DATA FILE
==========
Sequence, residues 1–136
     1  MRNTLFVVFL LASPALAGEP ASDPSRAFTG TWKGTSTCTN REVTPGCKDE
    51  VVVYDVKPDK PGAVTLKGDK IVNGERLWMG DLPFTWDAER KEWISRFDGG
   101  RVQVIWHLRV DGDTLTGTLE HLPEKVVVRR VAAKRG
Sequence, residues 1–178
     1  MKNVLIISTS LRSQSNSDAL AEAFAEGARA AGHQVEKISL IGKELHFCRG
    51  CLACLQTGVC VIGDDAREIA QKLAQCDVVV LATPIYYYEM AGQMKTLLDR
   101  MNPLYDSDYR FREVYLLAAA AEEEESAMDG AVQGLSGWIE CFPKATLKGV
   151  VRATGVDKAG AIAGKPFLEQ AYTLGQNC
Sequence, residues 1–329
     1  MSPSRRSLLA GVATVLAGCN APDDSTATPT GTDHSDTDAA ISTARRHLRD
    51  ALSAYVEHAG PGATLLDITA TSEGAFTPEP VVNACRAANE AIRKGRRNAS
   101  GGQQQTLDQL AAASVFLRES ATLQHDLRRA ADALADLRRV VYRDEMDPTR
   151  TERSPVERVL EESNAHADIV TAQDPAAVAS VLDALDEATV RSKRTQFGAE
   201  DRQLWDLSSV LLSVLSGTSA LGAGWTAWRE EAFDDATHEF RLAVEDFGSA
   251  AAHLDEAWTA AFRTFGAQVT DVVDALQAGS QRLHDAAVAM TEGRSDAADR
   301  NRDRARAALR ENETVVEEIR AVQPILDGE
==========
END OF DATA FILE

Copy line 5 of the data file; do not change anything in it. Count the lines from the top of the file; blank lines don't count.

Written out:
Sequence, residues 1–178